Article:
With the advent of the internet and online learning, hands-on training seems less necessary when a quick online course can provide people the same information. But is it really the same? I’m sure most of the restorers reading this are thinking nope, it’s not the same! You can read all the manuals you want, but until you physically dry a structure yourself, you don’t fully understand the work required. It’s the difference between being book smart and street smart – and in the restoration industry, we should want to be both.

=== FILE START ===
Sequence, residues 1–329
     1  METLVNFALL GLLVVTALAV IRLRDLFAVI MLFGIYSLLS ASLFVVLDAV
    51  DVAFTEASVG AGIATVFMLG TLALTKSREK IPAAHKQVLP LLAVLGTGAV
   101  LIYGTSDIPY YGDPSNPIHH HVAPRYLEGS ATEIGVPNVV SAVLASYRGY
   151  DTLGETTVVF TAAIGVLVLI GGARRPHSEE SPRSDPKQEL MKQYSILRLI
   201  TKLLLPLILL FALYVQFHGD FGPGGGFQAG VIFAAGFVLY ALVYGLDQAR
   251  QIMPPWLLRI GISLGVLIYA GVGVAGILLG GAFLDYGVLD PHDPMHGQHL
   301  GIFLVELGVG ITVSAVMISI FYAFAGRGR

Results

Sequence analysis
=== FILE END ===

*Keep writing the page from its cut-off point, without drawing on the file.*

Flood houses offer great hands-on learning experiences for contractors across the U.S. A quick Google search revealed, at least for me, a surprising number of flood houses across the country – most of which are owned and operated by restoration companies, both franchise and independent. On the same token, there are full-blown academies like Reets that offer training for beginners and experts. With the fast-paced industry we’re in, it can be difficult to imagine sending key team members off for a few days for training – but in the long run, training will pay dividends. According to Caron Business Solutions, hands-on training accelerates learning, provides links between theory and practice (so they know what the S500 says, but do they know how to apply it?), increases engagement, and provides a safe learning environment so mistakes can be made while learning and practicing, rather than in the field.
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